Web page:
Thanks to /u/ScotchGuy_TO for sharing a dram with me (and splitting the bottle with me) for the year end tasting.
I’m not really nice to single grain whiskies, which is probably because I’m not a fan of drinking solvent. Granted I’m also Canadian, and our whiskies are majority single grain that’s aged in a cold climate, so perhaps my bias is showing.
That said, I’ve been interested in the odd single grain over the years. Thus it should come as no surprise that I’d be down to split a bottle of the distillery once known for making “one of the more flavoursome grain whiskies around”, to quote scotchwhisky.com. I am, of course, talking about North of Scotland, which was located in the Lowlands prior to being demolished.
Which yes, for you geography nerds out there, will note that’s not really the north of Scotland at all, and rather close to the south.
North of Scotland started in 1957, after the building was converted from a brewery. We know the stills were quite high, so high in fact that they had to be set into pits in the distillery since the roof wasn’t high enough. Being a grain distillery, most North of Scotland went right into blends, and their malt whisky producer sibling Strathmore saw the same.
Like most good things, the North of Scotland distillery died in the 1980s. Thanks Thatcher, probably. The whole thing was demolished, and the former king was no more.
There is a 2017 release of North of Scotland as an OB (official or original bottling, I mix them up but mean the same thing), however we’re not here to talk about Official Bottlings, contrary to my recent run. No, we’re talking about North of Scotland 50 1970 Douglas Lain Xtra Old Particular The Black Series, a name so long that I instinctively breathed in deep as I read it.
Cask strength, refill ex-bourbon, limited run, pulled at the first month you could slap a 50-year age statement on the bottle. But how does it taste? As someone who’s had some really, really sad single grains, what will the former king be like? Bottom of the top, or top of the bottom, if you will.
Let’s see, shall we?
Distilled: December 1970
Bottled: January 2021
Number of bottles: 215
Cask No. DL 14548
Cask type: Refill Barrel
Colour: 2.5Y 8/8
Nose: Charred oak, being in a field of violets on a Spring day, Minute Maid orange juice, soap gum, pumpernickel
Holy fuck that’s a lot. Alright, let’s try and take my word soup and explain it.
It’s not over-oaked. I’ve had many a hyper aged, younger whisk(e)y that has more oak. No, it’s like being around freshly burnt wood, and very, very floral. Not to mention very strong, syrupy orange juice.
Soap Gum – In Canada we have a gum that tastes like soap. It’s fucking weird, I don’t like it, and I love the flavour of floral in my whisky. But it’s here. And there’s this yeasty, odd, funky note. Very weird whisky.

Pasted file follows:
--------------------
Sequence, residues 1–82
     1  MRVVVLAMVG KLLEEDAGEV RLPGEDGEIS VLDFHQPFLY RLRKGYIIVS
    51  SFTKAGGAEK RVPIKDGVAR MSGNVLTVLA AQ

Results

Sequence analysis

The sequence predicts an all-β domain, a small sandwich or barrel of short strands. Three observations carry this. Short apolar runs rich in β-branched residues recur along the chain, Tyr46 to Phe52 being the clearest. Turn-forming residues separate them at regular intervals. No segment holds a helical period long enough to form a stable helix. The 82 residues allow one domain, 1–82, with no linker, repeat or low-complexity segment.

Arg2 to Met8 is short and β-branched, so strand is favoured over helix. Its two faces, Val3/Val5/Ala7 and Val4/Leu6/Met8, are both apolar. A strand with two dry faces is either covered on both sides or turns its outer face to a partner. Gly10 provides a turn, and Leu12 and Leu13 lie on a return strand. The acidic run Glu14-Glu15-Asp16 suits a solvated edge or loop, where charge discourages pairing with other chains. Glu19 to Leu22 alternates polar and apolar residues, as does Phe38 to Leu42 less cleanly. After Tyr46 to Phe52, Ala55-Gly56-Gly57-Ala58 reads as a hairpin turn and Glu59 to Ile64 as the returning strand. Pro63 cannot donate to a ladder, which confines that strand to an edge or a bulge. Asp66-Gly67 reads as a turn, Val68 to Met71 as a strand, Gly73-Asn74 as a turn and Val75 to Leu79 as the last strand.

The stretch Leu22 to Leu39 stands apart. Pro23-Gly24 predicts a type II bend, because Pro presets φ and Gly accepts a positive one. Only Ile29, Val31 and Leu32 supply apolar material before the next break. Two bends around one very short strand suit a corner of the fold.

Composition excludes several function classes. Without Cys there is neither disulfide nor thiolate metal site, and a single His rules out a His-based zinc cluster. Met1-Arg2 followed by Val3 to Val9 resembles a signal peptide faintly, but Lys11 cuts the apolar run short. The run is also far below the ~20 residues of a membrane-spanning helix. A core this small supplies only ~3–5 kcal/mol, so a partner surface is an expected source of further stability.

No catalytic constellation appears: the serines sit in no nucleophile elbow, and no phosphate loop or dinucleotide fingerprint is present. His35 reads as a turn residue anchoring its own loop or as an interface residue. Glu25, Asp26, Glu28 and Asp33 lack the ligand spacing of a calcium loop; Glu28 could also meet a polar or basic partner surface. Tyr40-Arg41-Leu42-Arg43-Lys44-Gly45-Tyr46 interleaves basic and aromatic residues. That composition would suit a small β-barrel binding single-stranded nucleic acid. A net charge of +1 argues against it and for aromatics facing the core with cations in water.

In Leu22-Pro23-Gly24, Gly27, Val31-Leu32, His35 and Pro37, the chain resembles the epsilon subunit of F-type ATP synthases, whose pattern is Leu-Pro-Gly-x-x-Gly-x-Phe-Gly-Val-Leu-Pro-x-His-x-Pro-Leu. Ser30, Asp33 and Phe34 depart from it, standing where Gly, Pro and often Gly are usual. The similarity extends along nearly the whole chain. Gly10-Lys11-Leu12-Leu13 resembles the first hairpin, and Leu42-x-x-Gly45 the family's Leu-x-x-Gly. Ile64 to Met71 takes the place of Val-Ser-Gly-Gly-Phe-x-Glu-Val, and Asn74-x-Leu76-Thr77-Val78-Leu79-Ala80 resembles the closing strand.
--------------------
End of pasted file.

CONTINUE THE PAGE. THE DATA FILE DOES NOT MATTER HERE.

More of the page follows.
Taste: Mandarin orange, icing sugar, Galaxy brownies, Mini wheats, cashews, papaya
Exception to my hatred of oranges? Give me the small ones. Mandarin oranges, clementines, honey mandarins, all of that. Love them. And that’s the note here. Or it’s at least sweet enough to have that.
Also there’s moments of sharp sweet notes, cereal, nuttiness, and tropical elements. Again, super weird, but it all works. It’s just a very large break between, you know… Drinking Scotch with typical Scotch flavours.
Finish: Having a bubble bath, brine, pomelo, orange, cocoa butter, ash, lemongrass
That’s a lot of soap. And acidity, some cocoa butter (not as earthy as cocoa by itself). Or maybe that’s more of the sharp sweet notes. But then it’s grassy and more of the oak is there.
Conclusion: That’s about my maximum amount of soap I’m fine with… in my food. I have no maximum, go wash your god dang hands, we’re in an endemic for fucks sake.
What an odd, lovely, fun whisky. First off: You’re buying this if you are a Lowland fan. Full stop. Well, that and you can afford it, but let’s leave that alone. There is a lot of citrus, and while I feel the sugar balances it, I’d be a massive hypocrite if I didn’t mention my bias against round Florida death fruit isn’t coming into play. Beyond that? I’m in a very happy place. It’s too bad more people won’t be able to try this. In the writeup on the distillery I never read who used North of Scotland in their blends, however once I find out, that’ll be a dusty I’d like to taste (like a GILF but more likely).
If you, like me, are into Lowlands, then this is well worth your time. It’s not just another single grain that never got picked by the blends. I’ll have a hard time not grabbing samples or bottles of future releases.
Well, other than my wallet physically stopping me, but hyperbole aside, I hope I get to try more.
Scotch review #1536, Lowland review #67, Whisky Network review #2256